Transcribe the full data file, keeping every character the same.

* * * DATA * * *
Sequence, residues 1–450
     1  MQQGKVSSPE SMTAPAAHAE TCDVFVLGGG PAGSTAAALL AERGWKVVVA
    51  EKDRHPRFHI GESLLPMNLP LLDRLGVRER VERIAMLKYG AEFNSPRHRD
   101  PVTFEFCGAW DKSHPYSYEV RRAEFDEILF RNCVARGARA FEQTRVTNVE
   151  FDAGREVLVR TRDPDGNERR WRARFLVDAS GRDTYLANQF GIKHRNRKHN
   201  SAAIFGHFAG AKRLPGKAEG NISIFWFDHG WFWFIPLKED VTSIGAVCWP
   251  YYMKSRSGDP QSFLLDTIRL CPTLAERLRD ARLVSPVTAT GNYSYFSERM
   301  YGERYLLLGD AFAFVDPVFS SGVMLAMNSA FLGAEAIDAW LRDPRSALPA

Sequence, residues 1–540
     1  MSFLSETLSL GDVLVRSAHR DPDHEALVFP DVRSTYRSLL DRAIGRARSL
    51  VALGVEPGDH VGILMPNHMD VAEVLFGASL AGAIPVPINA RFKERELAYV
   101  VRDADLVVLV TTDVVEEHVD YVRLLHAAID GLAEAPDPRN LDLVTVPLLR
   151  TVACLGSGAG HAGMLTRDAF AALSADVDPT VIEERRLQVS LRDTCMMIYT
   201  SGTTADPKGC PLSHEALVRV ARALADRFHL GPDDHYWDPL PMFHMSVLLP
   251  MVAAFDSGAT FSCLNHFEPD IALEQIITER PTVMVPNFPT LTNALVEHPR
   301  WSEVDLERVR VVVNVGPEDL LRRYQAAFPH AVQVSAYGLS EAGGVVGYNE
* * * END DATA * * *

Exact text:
Sequence, residues 1–450
     1  MQQGKVSSPE SMTAPAAHAE TCDVFVLGGG PAGSTAAALL AERGWKVVVA
    51  EKDRHPRFHI GESLLPMNLP LLDRLGVRER VERIAMLKYG AEFNSPRHRD
   101  PVTFEFCGAW DKSHPYSYEV RRAEFDEILF RNCVARGARA FEQTRVTNVE
   151  FDAGREVLVR TRDPDGNERR WRARFLVDAS GRDTYLANQF GIKHRNRKHN
   201  SAAIFGHFAG AKRLPGKAEG NISIFWFDHG WFWFIPLKED VTSIGAVCWP
   251  YYMKSRSGDP QSFLLDTIRL CPTLAERLRD ARLVSPVTAT GNYSYFSERM
   301  YGERYLLLGD AFAFVDPVFS SGVMLAMNSA FLGAEAIDAW LRDPRSALPA

Sequence, residues 1–540
     1  MSFLSETLSL GDVLVRSAHR DPDHEALVFP DVRSTYRSLL DRAIGRARSL
    51  VALGVEPGDH VGILMPNHMD VAEVLFGASL AGAIPVPINA RFKERELAYV
   101  VRDADLVVLV TTDVVEEHVD YVRLLHAAID GLAEAPDPRN LDLVTVPLLR
   151  TVACLGSGAG HAGMLTRDAF AALSADVDPT VIEERRLQVS LRDTCMMIYT
   201  SGTTADPKGC PLSHEALVRV ARALADRFHL GPDDHYWDPL PMFHMSVLLP
   251  MVAAFDSGAT FSCLNHFEPD IALEQIITER PTVMVPNFPT LTNALVEHPR
   301  WSEVDLERVR VVVNVGPEDL LRRYQAAFPH AVQVSAYGLS EAGGVVGYNE